part of IBM’s scope.”
IBM has previously claimed it “successfully delivered” on its obligations to the payroll project. In a letter to LNP Health Minister Lawrence Springborg, quoted by Springborg in Parliament on 5 September last year, the company said:
“As you may be aware, IBM successfully delivered against milestones agreed with the Queensland and concluded the implementation of the project on agreed terms. IBM consistently delivered beyond the scope of the contract to assist Queensland Health to identify and address concerns with its payroll process. We delivered within the governance structure established by Queensland Health and CorpTech and outlined in the Auditor-General’s report.”
Blog, Enterprise IT - Jul 5, 2014 13:53 - 0 Comments
More In Enterprise IT
- Qld’s Grant joins analyst firm IBRS
- Westpac dumps desk phones for Samsung Android mobiles
- Ministers’ cloud approval lasted just a year
- WA Govt can’t fund school IT upgrades
- Turnbull outlines Govt ICT vision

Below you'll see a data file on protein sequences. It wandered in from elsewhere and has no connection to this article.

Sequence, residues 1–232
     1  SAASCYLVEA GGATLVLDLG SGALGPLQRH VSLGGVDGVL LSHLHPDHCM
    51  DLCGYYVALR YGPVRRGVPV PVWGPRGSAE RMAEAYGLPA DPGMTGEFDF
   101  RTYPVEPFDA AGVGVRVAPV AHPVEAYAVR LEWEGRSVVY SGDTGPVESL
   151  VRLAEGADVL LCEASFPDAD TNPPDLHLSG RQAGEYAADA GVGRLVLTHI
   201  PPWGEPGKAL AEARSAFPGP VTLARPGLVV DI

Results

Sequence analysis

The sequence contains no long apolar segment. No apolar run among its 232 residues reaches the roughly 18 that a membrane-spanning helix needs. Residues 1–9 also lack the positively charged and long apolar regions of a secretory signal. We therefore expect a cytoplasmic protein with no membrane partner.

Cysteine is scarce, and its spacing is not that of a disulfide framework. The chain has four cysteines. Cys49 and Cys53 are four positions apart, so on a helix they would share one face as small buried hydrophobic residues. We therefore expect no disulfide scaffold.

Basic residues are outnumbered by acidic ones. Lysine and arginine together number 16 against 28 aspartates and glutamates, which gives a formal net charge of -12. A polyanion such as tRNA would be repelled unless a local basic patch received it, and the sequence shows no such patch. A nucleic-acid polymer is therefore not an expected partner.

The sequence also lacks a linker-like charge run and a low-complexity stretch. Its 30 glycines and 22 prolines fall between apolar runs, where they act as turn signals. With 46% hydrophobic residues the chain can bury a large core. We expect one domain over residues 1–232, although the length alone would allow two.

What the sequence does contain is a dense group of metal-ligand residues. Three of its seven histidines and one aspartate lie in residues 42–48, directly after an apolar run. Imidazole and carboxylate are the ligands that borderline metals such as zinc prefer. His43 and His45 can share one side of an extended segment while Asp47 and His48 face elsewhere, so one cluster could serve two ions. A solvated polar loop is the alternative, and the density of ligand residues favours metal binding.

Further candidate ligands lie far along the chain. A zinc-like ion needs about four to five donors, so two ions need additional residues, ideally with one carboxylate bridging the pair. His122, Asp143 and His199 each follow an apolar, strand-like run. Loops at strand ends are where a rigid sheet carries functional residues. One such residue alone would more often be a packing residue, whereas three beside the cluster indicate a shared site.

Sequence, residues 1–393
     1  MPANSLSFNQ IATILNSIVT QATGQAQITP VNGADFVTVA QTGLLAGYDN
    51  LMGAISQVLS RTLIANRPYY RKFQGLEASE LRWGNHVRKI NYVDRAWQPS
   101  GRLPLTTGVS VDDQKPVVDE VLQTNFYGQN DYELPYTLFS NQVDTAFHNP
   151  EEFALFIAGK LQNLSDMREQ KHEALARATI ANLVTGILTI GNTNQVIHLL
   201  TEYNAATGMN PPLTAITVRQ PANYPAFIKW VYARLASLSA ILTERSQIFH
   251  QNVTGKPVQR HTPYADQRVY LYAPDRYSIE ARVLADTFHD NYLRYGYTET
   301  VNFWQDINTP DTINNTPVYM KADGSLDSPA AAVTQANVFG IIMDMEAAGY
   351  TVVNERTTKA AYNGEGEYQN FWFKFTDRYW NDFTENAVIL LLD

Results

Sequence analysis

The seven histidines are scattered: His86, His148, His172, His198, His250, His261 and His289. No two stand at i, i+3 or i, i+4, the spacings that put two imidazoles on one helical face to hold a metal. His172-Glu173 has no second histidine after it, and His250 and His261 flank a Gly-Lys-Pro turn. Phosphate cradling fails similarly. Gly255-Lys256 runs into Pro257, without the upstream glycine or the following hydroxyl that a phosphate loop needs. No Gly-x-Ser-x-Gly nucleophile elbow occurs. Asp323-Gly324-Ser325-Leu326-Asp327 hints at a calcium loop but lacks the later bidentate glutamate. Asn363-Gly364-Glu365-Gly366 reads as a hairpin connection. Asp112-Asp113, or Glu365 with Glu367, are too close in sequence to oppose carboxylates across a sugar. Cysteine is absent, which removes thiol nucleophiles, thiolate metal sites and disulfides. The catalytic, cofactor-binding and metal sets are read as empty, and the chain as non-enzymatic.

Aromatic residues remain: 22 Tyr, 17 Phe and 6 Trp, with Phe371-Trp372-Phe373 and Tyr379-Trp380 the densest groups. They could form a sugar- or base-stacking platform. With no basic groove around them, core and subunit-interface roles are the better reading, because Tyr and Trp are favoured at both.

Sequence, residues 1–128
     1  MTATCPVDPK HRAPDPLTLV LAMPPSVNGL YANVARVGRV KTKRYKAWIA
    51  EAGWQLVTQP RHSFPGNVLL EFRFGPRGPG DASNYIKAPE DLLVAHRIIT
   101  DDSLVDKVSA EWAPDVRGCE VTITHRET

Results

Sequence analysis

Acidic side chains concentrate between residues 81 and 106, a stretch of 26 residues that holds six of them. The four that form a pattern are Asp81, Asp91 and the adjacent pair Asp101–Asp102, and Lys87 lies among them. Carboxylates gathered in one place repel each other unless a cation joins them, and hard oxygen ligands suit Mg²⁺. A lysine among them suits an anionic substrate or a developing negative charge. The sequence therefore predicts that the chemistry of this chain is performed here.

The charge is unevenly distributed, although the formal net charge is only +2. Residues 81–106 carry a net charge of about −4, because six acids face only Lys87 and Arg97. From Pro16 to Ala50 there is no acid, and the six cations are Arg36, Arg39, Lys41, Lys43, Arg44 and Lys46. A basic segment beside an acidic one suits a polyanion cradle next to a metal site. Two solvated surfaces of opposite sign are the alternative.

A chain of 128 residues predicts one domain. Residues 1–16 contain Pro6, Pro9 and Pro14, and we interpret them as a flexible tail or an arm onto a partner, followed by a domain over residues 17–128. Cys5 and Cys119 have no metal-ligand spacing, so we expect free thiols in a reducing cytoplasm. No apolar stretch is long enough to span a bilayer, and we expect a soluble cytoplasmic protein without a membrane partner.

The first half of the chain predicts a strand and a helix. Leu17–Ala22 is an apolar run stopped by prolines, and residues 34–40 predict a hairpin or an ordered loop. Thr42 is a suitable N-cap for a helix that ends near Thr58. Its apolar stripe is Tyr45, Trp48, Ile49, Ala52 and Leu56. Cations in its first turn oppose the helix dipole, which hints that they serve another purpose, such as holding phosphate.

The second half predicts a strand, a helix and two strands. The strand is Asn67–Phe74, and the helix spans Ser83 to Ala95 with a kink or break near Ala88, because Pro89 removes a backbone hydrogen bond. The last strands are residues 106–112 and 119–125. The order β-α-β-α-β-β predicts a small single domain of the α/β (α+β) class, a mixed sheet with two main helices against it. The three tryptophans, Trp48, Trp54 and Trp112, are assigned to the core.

Blog, Telecommunications - Jul 5, 2014 12:12 - 0 Comments
More In Telecommunications
- Telstra gets $150m for NBN FTTN trial
- How Australia got online 25 years ago
- Palmer pushes for minimalist NBN policy
- NBN debate heats up at IEEE conference
- Spirit deploys 200Mbps FTTB to Southbank
Analysis, Industry, Internet - Jun 23, 2014 10:33 - 0 Comments
More In Industry
- ABC tech reporter founds micro-transactions startup
- Australia’s got ICT talent: So how do we make the most of it?
- ‘Thriving’ Aussie tech incubator scene a ‘mirage’
- Corporate highs: The US P-TECH model for schools in Australia?
- Facebook wants to hide its Australian earnings
Blog, Digital Rights - Jun 30, 2014 22:24 - 0 Comments
More In Digital Rights
- “Rational debate” needed around surveillance
- Web blocking technically impossible: iiNet reminds Govt of undisputed fact
- We like e-readers – but library users are still borrowing books
- Coalition, Labor support new surveillance laws
- Anti-piracy laws will increase piracy, says Budde